“Knowing when to walk away, is Wisdom. Being able to, is Courage. Walking away with your head held high, is Dignity” – Author Unknown
I dedicate this to every person who has ever been part of a group, club, or organization that had the best of intentions, but never quite lived up to expectations. The story is also about making decisions. The decision to stay in an impossible situation. Or, the decision to walk away – holding your head high, saying, “I gave it my best. Time to move on.”
From the personal side, walking away from someone you love is the most difficult. There are always painful scars. Interesting though, no matter how bad the times, one never forgets the good times. And, there were good times. However, some relationships are not to be. For these, walking away is not quitting. It is the beginning of another journey.
All professional athletes eventually quit the sport that brought them fame and fortune. A few, they walk away. These few, had the wisdom and courage to walk away when they were on top: Jim Brown (football). Bobby Jones (golf). Rocky Marciano (boxing). Then, there were ones who, stayed too long: Evander Holyfield (boxing). Babe Ruth (baseball).
Athletes who walk away while ‘on top’ show enormous courage. Jim Brown did not quit football at age 29, he walked away with dignity. He scored three touchdowns in his last game. He left on his terms.
And that… “Leaving on your own terms,” is the difference between walking away and quitting.
I would like to share some personal reflection on my opening quote. Those thoughts center around, not personal relationships or sports, but on the many organizations throughout every community. Some show consistent progress. A few fail and fade away. Some just seem to spend eternity in neutral.
For 40-some-odd years, I have been a member of various organizations. Many were career-oriented. Some civic-minded. A few recreational. A couple had political agendas. Regardless of intent, the reasons I joined were very simple. I believed in their vision and I felt I had something to offer.
Nevertheless, I wanted to make a difference. To be part of something positive and help the group move forward. Those I found successful: They recruited or accepted the right people for the right reasons. They embraced diversity. Communicated well. Worked through their differences.
The less than successful: They may have initially recruited or accepted who they thought were the ‘right’ people, but for some reason(s), the leadership lost their vision. They slowly turned away from “Let’s make a difference” and became “Let’s just meet and do nothing?”
I remember well what Stephen Covey once said, “Without involvement, there is no commitment.” Years ago, while attending one of his seminars, The Seven Habits of Highly Effective People, the presenter stated, “Without like-minded people who have the time, resources, and energy to devote to a cause, failure will knock loudly at your door. Let this be your guide…If you are going to become involved with a cause, be damn sure you are ready to give it your full commitment.” I have never forgotten these words.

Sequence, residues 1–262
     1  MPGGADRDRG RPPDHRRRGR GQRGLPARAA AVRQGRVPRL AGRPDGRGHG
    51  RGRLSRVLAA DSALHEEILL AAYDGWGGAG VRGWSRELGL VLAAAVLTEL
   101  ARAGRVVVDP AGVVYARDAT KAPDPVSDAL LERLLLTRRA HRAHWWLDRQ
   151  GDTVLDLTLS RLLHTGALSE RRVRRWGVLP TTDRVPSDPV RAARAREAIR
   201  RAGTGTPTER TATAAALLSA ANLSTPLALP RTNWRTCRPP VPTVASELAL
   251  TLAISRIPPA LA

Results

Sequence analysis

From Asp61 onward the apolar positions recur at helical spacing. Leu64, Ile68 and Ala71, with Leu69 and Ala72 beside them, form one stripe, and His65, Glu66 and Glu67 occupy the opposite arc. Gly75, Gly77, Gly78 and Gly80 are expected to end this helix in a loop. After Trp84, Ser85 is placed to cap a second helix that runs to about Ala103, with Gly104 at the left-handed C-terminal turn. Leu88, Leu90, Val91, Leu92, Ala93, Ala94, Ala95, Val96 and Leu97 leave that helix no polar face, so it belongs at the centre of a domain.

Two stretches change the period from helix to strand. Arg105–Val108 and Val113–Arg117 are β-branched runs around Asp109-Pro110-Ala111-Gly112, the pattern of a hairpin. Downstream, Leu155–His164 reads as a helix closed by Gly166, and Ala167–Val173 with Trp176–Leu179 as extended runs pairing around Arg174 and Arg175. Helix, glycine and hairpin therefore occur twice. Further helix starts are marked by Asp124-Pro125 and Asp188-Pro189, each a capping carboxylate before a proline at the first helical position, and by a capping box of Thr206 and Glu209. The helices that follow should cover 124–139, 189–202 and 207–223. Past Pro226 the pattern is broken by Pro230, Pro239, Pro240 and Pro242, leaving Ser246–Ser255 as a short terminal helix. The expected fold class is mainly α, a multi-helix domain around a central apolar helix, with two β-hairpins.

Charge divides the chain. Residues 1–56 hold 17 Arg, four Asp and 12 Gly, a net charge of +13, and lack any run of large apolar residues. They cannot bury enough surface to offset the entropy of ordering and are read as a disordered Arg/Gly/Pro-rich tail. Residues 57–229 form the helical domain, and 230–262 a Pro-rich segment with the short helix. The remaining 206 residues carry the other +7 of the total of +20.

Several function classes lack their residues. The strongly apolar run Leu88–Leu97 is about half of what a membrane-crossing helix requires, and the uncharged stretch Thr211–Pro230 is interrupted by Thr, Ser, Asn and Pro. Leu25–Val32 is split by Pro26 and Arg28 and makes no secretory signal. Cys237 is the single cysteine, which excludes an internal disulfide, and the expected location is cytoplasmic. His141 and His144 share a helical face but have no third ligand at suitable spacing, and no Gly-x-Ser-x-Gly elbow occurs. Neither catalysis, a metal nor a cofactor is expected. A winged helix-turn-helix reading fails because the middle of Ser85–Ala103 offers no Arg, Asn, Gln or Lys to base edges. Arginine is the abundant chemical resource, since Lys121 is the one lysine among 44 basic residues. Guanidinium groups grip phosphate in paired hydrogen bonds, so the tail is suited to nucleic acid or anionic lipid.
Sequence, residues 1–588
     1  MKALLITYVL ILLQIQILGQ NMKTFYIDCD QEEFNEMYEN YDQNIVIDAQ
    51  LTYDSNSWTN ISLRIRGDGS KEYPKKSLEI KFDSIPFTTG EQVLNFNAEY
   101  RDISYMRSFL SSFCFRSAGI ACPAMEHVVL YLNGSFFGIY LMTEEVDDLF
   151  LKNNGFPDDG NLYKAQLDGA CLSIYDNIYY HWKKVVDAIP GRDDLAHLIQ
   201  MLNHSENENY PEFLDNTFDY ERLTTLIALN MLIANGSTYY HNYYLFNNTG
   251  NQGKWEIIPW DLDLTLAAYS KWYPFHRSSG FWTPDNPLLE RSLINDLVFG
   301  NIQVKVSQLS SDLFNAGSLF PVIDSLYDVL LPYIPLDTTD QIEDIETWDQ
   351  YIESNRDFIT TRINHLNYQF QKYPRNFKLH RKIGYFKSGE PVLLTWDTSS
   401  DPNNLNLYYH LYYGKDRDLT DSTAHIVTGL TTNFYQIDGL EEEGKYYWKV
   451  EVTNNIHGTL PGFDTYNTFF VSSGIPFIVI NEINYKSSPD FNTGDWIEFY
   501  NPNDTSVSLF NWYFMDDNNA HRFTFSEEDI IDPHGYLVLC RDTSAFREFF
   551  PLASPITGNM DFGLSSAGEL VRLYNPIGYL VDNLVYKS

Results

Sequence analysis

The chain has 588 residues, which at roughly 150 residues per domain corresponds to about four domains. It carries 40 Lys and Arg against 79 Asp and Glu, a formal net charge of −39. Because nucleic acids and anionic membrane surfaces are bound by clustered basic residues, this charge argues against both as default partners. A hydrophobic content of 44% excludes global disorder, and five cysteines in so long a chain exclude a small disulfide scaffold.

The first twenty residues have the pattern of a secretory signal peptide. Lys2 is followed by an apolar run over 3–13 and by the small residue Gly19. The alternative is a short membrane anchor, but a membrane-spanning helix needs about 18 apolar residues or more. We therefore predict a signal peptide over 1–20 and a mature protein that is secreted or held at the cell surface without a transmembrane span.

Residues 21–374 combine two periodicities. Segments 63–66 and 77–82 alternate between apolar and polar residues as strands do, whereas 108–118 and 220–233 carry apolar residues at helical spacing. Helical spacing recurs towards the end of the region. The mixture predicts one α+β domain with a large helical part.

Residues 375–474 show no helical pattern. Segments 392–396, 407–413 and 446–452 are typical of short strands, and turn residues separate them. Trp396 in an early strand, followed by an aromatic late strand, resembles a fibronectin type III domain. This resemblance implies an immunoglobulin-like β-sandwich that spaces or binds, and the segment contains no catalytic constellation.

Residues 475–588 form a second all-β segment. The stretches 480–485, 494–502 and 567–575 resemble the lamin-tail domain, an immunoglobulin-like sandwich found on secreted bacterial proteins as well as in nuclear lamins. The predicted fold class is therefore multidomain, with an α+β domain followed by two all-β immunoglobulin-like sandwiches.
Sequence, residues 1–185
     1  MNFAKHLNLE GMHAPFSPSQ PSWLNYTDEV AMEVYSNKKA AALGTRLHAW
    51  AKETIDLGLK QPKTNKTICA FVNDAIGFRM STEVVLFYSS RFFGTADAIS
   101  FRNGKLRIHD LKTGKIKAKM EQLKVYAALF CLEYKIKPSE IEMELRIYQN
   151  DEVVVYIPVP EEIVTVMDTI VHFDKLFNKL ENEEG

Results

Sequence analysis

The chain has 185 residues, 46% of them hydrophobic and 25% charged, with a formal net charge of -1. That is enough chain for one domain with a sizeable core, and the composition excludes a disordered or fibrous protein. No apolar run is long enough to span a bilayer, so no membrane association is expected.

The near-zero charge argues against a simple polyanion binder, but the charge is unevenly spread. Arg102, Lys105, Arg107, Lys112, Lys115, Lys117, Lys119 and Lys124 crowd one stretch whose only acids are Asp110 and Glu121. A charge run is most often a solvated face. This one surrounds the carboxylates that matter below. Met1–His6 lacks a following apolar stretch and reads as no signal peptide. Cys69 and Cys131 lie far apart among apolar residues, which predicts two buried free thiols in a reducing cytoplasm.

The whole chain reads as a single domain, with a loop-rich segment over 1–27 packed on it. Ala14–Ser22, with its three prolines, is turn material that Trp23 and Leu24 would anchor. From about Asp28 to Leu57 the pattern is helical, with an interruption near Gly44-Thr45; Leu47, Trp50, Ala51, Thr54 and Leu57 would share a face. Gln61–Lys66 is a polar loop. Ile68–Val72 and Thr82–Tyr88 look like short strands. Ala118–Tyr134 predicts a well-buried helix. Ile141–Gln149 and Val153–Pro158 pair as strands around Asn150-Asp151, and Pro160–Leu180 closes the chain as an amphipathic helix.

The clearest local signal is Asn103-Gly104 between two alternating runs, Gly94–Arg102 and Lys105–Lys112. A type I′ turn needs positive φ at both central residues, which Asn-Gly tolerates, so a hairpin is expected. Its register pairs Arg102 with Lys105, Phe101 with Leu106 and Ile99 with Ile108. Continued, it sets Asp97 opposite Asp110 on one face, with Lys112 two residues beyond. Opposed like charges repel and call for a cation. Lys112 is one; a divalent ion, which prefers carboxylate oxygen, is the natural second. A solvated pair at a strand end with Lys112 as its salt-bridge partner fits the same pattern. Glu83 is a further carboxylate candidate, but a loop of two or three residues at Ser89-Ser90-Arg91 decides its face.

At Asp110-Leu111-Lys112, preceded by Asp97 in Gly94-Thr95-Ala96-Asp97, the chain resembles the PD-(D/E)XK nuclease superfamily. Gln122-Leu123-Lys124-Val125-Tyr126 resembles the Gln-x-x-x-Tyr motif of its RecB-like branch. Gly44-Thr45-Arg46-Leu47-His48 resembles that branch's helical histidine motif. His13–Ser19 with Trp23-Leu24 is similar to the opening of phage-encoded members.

Most organizations fail because their vision is distorted. Often caused by: A clash of egos. A lack of insight and understanding. Personal agendas. And, an absence of (critical) resources. Yet, the one characteristic which heads my list is, “Unwillingness to commit the time required for success.”
Pause and consider this “unwillingness” for a few moments before you read further.
Let us continue: Sandra once gave me a t-shirt that said, “Life is too short to drink bad wine.” Although the shirt is long-gone, the message has stayed and I have begun to apply it to my remaining years: “Life is too short to be around mean people, dead-end situations, wasted days, false self-centered people, AND organizations which have become stagnant.”
Walking away from a group or organization is certainly not like the break-up of a personal relationship or leaving a much-loved profession, but it still can be very difficult. Quitting means: You left something on the table; You failed to apply all your personal energy and resources. “You gave up before you gave your all.”
Walking away means: You realized the group did not share your level of commitment and there was nothing else you could offer that would change their direction. You made a full commitment. And, it was time to move on.
Organizational failure is like an old discarded puzzle, with mixed up pieces – some just do not fit together. No matter how hard you try, it’s just not working. The continual frustration drains the very life from your days.
If I may, I would like to paraphrase the beginning quote: “It takes wisdom to recognize a hopeless situation. It takes a lot of courage to walk away. But, I would rather leave with my dignity held high.”
I have a lot to contemplate. In my remaining years, I think I will choose a fine wine.
Until next time,